As well as something called the “inverse beer/advertising rule.”

To keep things interesting, the big brands would introduce a new variant of their beer periodically. A new logo catches the eye and engages consumer interest, but ultimately it’s all a ploy. The macro brewer doesn’t really want you to like the new sub-brand; they just want you to feel like you’ve tried something new when you really haven’t.

The new sub-brand will quickly fade from the commercials, and then disappear altogether only to be replaced a few years later by something new. Remember Molson M, which Molson launched as the best thing since sliced bread only a year ago? Try and buy some today.

About the only major beer variant that actually stuck was, you guessed it, light beer: beer with even less flavour than the american pale lager it replaced. So now we have the “American-Style Calorie Reduced Pale Lager” to fit on beer-style labels. Thanks, asshats.

Alright, we’re all caught up. Iced tea, lime, and mojito flavoured beer are the next cycle, right? Well, maybe not.

This is where it gets interesting. All those other sub-brands were generally marketed on anything but their flavour. Take Molson M, as before, which was marketed on… um… the “microcarbonated” trademark, I guess. But that was the point: a flashy new colour scheme, logo, and ad campaign that would get attention, but could also be thrown away a year later without impacting the core brand.

These new products could very well be the same thing, but they’re different in a very important way: they have MORE flavour than the beer they’re based on. Sure, a technicality, but think about it this way: what other beverages are out there that are sweet, slightly alcoholic and flavoured like random stuff?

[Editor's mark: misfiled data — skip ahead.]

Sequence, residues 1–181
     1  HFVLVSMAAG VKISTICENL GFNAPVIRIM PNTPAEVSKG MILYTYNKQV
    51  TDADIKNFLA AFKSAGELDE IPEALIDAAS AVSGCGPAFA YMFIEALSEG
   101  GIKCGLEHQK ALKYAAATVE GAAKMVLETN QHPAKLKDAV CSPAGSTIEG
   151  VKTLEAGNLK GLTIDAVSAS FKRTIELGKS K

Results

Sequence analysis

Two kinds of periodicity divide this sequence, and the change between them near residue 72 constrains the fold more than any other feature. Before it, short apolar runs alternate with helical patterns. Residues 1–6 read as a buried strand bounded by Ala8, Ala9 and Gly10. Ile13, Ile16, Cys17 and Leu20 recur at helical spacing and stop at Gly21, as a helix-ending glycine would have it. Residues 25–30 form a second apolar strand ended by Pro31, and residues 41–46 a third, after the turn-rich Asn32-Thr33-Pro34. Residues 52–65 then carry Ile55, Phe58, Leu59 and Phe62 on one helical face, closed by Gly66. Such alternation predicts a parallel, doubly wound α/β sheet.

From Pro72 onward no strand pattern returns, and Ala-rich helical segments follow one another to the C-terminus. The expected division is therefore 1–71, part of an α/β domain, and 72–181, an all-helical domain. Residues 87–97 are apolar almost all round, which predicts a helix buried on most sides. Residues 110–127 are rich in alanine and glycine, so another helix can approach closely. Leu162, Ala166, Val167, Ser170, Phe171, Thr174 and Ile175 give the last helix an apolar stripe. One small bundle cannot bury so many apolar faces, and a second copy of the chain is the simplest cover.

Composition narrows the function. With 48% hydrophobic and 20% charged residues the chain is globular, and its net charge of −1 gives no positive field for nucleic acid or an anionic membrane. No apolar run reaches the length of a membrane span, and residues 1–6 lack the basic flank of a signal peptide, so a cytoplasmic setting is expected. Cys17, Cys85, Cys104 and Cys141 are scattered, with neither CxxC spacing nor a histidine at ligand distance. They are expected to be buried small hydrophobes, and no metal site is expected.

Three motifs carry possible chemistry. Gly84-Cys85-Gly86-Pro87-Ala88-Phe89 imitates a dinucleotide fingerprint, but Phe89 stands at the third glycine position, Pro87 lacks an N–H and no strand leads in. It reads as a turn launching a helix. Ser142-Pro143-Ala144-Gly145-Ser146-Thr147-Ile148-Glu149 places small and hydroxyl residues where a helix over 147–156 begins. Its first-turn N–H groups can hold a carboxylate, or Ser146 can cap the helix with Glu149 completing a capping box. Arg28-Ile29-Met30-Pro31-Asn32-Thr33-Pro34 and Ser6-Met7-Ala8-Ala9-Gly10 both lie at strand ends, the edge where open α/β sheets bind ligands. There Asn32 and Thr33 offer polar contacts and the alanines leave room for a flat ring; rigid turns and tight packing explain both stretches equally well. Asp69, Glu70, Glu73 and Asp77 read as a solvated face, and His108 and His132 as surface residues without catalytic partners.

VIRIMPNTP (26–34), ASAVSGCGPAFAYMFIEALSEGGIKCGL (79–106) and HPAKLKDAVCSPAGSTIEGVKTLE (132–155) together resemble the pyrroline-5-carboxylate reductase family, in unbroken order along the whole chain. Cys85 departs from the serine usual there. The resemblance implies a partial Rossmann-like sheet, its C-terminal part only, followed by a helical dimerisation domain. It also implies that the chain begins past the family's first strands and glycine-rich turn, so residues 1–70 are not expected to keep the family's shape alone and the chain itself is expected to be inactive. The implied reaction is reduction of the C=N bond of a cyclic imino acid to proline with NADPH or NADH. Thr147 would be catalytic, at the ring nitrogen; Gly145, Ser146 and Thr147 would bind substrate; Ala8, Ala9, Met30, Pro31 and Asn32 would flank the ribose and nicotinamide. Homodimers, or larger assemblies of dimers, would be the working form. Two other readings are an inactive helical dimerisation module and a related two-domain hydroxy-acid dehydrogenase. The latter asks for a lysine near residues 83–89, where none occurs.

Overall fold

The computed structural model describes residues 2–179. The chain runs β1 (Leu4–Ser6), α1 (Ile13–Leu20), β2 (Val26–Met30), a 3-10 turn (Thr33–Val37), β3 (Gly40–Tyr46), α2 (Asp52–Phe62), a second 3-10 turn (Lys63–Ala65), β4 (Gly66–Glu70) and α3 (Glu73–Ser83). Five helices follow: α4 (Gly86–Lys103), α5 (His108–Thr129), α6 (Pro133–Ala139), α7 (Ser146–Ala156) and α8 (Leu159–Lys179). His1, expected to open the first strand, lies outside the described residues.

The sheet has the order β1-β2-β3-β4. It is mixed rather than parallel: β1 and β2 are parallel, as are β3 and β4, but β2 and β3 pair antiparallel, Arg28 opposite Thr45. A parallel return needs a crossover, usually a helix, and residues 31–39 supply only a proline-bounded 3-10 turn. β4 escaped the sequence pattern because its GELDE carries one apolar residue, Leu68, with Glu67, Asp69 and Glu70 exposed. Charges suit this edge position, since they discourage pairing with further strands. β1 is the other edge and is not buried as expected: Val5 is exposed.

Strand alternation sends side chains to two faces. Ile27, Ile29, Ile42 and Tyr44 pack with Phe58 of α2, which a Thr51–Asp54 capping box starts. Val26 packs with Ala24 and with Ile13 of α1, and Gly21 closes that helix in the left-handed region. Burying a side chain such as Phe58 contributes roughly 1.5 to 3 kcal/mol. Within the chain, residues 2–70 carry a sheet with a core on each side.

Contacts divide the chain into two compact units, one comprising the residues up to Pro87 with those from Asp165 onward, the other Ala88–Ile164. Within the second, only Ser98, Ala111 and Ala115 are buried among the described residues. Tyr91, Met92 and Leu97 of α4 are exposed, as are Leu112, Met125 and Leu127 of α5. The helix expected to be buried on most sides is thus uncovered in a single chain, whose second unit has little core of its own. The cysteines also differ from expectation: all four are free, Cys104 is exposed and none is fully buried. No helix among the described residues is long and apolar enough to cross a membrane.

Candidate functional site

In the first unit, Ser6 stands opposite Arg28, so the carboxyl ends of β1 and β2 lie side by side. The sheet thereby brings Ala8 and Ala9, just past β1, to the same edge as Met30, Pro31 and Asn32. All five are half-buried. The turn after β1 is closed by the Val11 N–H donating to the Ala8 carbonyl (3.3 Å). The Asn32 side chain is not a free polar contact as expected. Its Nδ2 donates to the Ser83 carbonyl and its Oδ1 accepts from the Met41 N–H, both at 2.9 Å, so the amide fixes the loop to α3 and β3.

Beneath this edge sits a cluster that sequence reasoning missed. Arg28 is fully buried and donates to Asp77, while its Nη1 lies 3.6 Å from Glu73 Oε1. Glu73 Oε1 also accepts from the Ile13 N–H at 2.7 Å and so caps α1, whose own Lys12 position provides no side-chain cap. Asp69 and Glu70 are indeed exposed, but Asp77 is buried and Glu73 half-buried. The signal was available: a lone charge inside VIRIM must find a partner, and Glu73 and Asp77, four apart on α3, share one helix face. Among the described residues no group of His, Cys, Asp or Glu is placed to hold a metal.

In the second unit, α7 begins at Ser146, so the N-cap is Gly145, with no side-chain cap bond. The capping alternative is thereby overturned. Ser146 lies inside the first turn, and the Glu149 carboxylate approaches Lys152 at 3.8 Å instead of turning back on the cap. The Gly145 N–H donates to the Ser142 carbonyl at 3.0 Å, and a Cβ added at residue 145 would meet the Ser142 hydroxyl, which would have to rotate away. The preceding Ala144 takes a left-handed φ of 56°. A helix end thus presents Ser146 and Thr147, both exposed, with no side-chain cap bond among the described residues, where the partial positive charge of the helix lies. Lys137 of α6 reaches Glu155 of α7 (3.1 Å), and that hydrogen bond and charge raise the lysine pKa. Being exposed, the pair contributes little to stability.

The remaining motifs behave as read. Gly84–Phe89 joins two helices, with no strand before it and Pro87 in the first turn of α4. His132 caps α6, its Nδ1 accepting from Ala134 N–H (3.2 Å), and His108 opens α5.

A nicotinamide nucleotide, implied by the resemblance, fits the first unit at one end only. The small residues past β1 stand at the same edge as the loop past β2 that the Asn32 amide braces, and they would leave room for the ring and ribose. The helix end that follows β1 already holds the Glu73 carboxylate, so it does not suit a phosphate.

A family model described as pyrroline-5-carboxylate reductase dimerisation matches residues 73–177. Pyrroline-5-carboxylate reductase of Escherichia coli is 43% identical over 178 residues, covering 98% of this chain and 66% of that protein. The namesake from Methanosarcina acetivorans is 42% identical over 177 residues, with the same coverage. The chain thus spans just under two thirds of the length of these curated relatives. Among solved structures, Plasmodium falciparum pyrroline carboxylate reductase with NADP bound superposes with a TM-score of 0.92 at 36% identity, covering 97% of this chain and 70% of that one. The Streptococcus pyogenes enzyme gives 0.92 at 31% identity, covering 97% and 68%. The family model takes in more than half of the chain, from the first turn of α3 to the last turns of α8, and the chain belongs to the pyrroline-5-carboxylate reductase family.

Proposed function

Yup, vodka coolers. These beers are plays into the teen-marketed alco-pop territory, and rather brilliant ones at that. If it all goes to hell, you just write it down as your bi-yearly experimental re-branding, but if it goes well you’ve just bridged into a new market, with a new target audience, where you have a massive advantage over your competitors.

What advantage? Taxes. In plain and simple terms, vodka production is taxed all to hell while beer production gets a relative cake walk. Despite the fact that both end-products are in the 4-7% ABV range, vodka still starts out at a tax-man’s dream of 40%. The beer, however, can be custom brewed to the target booziness without straying above the magic (and arbitrary) 12% barrier.

Then, thanks to all those decades of experience in brewing tasteless lager, the macros can get away with adding only a little volume of flavouring to this concoction, and thus stay on the friendly side of laws around minimum barley content in beer which were designed, honestly, to prevent exactly this sort of thing.

So, back to the core question: Are these products beer? I would say both yes and no. These are absolutely alcoholic products produced primarily through barley malt fermentation. That’s the yes. However, the flavourings are designed to completely overwhelm or replace the malt flavour of said barley, and I say that makes it not beer.

They might as well be mixing vodka with mojito mix at this point. They would, but it’d be too expensive.

Written by chuck

July 9th, 2012 at 8:09 pm

Posted in Beer and You